How to respond to fallacies in dog training

Article about logical fallacies in the dog training world
By Laure-Anne Viselé, February 2011

Dog professionals and differences of opinion

Anyone involved in dog training will agree: there is a shocking lack of consensus about even the most fundamental points.

I am all for diversity of opinion, but eventually, popular myths have GOT to be backed up by something vaguely ressembling logic.

Don’t get me wrong. I love divergent views. That’s why I love the Koda Diaries blog. It’s written by a very educated dog trainer with views often diametrically opposed to mine. Buuuuut, she presents her arguments rationally, and quotes her sources. Reading her stuff enriches my perspective.

So my point is this: by all means disagree with me, but please do better than a passionate tirade about dominance if you want to make a dent in my skepticism. Please, back it up with quality sources and sound logic.

Dog training and weak logic

In the course of my work, I meet dog pros from all allegiances, from the most extreme traditionalist to the fanatic New Ager. And when I say fanatic New Ager, I am talking communicating-to-the-spirit-of-your-dead-dog’s-grandmother.

At times my face distorts into such scepticism that the inevitable (and loaded) question eventually rears its ugly head: “What? You don’t agree?”.

I invariably regret biting the bait, as the counter-arguments are:

  • often insulting and personal, and
  • ALWAYS completely illogical.

Those of you who know me know that NOTHING grates on me more than weak logic. Be insulting, condescending, arrogant, aggressive, moronic or hysterical, but pleaaaaaaaaaaaase, be logical.

I don’t mind if you get your facts right/wrong (that’s a lie, I do mind, a lot, but that’s not the point), but please, make sure you got to that conclusion based on sound logic.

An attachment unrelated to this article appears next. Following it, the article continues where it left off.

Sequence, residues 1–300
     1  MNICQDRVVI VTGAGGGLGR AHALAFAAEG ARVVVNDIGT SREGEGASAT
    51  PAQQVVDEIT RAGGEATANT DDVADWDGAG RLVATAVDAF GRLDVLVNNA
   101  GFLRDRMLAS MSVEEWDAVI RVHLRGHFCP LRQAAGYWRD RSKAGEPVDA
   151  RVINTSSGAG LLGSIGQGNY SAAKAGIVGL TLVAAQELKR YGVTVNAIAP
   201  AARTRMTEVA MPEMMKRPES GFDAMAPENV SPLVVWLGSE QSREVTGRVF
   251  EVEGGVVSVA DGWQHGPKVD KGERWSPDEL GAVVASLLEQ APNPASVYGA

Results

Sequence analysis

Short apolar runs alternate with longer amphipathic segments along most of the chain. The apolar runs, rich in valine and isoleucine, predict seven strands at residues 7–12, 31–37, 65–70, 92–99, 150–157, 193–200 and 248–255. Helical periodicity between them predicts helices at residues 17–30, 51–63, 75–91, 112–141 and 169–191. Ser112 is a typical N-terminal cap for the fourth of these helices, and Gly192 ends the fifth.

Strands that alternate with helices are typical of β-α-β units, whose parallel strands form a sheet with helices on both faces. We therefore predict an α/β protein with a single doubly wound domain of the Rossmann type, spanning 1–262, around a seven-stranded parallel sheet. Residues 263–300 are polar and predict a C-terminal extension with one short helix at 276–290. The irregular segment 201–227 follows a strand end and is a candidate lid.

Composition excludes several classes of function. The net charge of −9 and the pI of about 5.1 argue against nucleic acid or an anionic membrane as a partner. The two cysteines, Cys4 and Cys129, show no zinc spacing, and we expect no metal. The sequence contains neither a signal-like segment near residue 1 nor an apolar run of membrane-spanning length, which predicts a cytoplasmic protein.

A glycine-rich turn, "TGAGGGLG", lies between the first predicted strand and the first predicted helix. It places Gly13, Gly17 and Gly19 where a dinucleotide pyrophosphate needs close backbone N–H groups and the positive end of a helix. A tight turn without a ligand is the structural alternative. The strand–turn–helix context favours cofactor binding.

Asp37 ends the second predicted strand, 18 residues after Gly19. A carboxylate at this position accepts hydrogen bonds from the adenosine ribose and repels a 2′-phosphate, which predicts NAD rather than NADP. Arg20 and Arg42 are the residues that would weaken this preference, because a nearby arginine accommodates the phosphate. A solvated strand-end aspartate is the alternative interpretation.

Basically, it’s not what you say, it’s how you get there.

Recurring fallacies and how to respond

Coming soon: a blog series about recurring fallacies in dog training, and how to respond to them.

To whet your appetite, here’s a small preview:

Ad hominem (‘against the person’)

How it works:

  • You say something.
  • Bob says: “That can’t be true, because you are (insert here whatever irrelevant – and often untrue – personal trait, action, circumstance)”.

Real-life example:

A dog trainer with strongly traditional views (dominance, leash jerking, etc.) talks to me about how he got driven out of business because of the lack of popularity in his harsh training methods. His explanation: “It’s all those whiny housewives, they’re all soft“.

Bob’s “argument” is:

  1. Implying that his customers were irrationally soft, emotionally weak, etc.; and
  2. That must be why they rejected his methods.

The fallacy is in assuming that his lack of success was due to a flaw in all of his customers, and in fact the world at large, for having become so liberal. As a side-point, perhaps a bit more self-criticism would have helped Bob keep his business afloat? In the meantime, Bob watches in anger as the world is being taken over by ‘spoilt dogs dominating their owners’ [sic].

When presented with such angry arguments, the only thing I can do is grit my teeth and try to walk away in one piece. It is clearly an emotional minefield for that guy, and you just don’t want to go there.